The 1,500 respondents of the SWS survey are supposed to be representative of all sub-groups of the 54.4 million registered voters. According to the Philippine Statistics Authority, the Philippine population breaks down into 1% AB, 9% C, 60% D, and 30% E. If the 1,500 respondents in the December survey are representative of the voting population, then only 15 respondents come from the socioeconomic class AB, 135 from Class C, and 1,350 from among those belonging to the socioeconomic classes D and E.

It can be safely said that based on their circumstances in life, the highest educational attainment of the 1,350 respondents from the Lower Classes would be 2nd Year High School. Their access to information pertaining to governance cannot be through the print media as they would rather buy food than buy a newspaper. Their main source of information regarding the national and local governments must be the broadcast media as they need not own a radio or television set. There is always someone in their neighborhood who lets neighbors listen or watch what is being aired on his set.

It can be assumed that the overwhelming majority of the respondents of the December SWS surveys perceive the role of a senator the same way the DZMM Teleradyo interviewees do. It would not be far-fetched to conclude that SWS survey respondents perceive elected officials, from president to barangay captain as potential patrons.

As the SWS survey respondents are supposed to be represented of the entire voting population, then it can be said the overwhelming majority of voters vote for candidates who are likely potential patrons. That is why movie actors like the Ramon Revillas, father and son, Joseph Estrada, and Lito Lapid are elected again and again because they appeared in their movies as “heroes” of the downtrodden and the poor.

Ramon Revilla, Sr. portrayed Nardong Putik and Joseph Estrada played Asiong Salonga, villains in real life, but presented as Robin Hoods in movies. Drama actors Cesar Montano and Richard Gomez failed in their bid for the Senate because they were not seen by their millions of movie fans as “champions of the oppressed and the poor.”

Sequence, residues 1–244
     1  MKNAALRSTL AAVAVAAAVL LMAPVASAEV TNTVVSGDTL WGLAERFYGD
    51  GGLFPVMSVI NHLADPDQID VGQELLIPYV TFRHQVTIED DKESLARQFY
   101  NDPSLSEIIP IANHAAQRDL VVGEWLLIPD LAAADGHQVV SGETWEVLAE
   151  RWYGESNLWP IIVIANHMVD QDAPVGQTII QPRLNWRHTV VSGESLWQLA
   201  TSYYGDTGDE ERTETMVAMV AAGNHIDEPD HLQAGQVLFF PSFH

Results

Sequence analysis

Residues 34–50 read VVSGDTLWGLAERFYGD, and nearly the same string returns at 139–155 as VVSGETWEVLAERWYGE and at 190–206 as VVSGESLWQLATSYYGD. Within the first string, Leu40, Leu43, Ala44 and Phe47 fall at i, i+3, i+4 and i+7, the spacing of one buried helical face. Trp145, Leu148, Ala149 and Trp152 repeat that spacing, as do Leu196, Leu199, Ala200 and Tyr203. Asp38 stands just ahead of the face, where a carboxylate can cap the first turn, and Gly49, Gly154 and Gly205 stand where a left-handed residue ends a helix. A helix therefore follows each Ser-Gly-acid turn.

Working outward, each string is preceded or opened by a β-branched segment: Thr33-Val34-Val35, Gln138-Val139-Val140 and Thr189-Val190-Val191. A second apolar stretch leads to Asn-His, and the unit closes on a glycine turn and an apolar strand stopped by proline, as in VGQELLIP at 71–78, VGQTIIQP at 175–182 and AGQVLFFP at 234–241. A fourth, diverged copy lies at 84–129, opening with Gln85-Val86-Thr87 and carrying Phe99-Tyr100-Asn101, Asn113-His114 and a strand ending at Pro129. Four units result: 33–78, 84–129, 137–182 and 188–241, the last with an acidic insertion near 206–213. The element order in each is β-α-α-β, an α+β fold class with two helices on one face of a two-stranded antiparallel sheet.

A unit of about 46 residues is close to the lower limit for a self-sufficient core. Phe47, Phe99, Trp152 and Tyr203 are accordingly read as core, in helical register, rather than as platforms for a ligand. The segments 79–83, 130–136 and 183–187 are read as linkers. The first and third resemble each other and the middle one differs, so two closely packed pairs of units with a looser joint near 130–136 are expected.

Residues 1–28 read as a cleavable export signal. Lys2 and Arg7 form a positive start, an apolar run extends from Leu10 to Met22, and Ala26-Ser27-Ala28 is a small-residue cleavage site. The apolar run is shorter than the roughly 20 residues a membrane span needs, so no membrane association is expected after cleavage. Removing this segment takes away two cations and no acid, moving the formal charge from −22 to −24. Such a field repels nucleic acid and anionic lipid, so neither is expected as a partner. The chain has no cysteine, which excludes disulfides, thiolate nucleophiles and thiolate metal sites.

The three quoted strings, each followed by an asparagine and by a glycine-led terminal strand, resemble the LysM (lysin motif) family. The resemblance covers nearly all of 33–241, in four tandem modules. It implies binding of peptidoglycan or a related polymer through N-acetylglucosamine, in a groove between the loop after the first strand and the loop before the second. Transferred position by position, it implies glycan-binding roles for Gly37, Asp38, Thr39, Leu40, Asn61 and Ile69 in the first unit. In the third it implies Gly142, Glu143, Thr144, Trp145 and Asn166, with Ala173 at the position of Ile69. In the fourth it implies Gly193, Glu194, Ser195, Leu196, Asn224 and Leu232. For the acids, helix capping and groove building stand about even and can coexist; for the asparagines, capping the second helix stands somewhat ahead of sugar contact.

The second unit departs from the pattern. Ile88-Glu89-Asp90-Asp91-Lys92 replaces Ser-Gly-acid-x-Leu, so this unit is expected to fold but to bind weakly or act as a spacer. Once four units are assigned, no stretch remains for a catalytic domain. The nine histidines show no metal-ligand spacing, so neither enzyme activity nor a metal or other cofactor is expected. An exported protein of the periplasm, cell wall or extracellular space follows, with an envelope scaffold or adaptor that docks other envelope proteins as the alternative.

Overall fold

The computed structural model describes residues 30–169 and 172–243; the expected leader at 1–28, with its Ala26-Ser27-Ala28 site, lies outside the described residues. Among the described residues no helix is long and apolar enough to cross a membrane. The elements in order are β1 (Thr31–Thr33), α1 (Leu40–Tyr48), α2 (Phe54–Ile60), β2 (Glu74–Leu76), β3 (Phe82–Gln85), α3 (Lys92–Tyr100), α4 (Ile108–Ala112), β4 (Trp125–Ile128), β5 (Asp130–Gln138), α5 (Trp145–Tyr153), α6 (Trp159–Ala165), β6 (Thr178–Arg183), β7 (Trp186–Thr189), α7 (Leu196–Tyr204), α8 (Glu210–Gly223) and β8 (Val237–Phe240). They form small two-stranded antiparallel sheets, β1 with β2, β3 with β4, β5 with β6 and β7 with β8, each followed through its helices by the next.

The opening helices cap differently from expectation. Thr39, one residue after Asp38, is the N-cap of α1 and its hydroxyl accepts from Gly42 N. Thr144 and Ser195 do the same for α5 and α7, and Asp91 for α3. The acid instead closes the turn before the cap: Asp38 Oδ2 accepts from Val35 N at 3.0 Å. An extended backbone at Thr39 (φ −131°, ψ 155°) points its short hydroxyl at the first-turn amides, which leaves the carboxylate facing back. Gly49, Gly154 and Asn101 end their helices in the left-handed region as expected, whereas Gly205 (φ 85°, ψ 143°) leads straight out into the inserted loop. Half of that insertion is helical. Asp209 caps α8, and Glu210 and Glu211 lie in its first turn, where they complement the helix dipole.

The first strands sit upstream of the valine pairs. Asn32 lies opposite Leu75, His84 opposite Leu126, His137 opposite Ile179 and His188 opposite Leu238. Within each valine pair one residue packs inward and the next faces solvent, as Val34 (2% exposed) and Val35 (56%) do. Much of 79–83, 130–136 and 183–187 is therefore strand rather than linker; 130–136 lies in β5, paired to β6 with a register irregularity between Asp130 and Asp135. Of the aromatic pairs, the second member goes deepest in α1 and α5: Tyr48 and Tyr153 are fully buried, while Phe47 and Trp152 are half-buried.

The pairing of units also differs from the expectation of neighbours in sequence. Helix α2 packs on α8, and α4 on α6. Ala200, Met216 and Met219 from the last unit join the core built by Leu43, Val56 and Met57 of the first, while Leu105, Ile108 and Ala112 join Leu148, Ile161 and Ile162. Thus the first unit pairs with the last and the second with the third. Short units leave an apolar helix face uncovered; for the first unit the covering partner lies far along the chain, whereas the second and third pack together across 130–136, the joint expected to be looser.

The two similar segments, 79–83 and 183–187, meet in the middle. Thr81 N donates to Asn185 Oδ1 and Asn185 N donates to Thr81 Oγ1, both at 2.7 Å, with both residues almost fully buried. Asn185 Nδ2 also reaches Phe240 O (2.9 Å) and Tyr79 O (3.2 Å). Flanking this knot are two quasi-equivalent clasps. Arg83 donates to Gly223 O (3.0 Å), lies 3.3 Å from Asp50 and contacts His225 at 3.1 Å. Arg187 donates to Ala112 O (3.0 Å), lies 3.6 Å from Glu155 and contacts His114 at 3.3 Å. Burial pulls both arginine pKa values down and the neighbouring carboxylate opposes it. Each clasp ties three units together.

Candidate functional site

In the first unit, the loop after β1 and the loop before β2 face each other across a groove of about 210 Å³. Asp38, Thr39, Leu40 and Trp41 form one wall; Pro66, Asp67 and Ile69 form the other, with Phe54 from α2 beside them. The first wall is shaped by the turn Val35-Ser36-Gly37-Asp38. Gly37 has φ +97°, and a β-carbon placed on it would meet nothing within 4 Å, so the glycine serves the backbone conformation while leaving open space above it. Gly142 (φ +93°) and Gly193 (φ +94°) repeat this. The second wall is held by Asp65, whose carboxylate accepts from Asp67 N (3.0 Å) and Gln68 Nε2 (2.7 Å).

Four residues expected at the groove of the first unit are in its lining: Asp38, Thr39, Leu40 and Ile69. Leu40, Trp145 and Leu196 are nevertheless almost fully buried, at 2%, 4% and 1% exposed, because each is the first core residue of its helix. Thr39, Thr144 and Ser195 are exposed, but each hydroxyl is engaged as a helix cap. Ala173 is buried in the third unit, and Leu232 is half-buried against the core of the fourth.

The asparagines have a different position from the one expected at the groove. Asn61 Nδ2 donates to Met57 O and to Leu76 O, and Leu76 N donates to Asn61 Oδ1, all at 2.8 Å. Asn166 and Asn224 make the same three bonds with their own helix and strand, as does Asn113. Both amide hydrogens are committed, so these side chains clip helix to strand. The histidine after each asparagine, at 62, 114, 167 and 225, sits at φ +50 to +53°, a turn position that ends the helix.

Senator Sotto gets elected again and again not because he is seen as a champion of the common tao but because he relieves the masa of their anxieties with his toilet humor.

Senatorial aspirant Bong Go, seen the past three years by the public as the Presidential butler, now projects himself as the champion of the lowly and the disadvantaged, as his commercials aired repeatedly during the TV coverage of the Pacquiao-Broner fight showed.

Senatorial hopeful Ronald “Bato” de la Rosa chose to project himself not as a champion but as the butler of a champion. He was seen during the weigh-in of Manny and after the fight itself carrying the championship belt of Manny. He even heaved Manny on his shoulders like a doting father hoisting his toddler son. And to think he graduated from the Philippine Military Academy and was a couple of years the chief of the National Police.

That an image of a champion wins votes is a conclusion of mine drawn by logic, not from statistics. The tagline in the SWS logo says: Statistics for Advocacy. I ask what can be advocated out of the statistics SWS prodigiously pours out regularly. What can be advocated by the statistics that people are satisfied with President Duterte without corollary statistics on why people are satisfied with the President? What can be advocated by the statistics showing people are satisfied with Chief Justice Lucas Bersamin?


Oscar P. Lagman, Jr. is a member of Manindigan! a cause-oriented group of businessmen, professionals, and academics.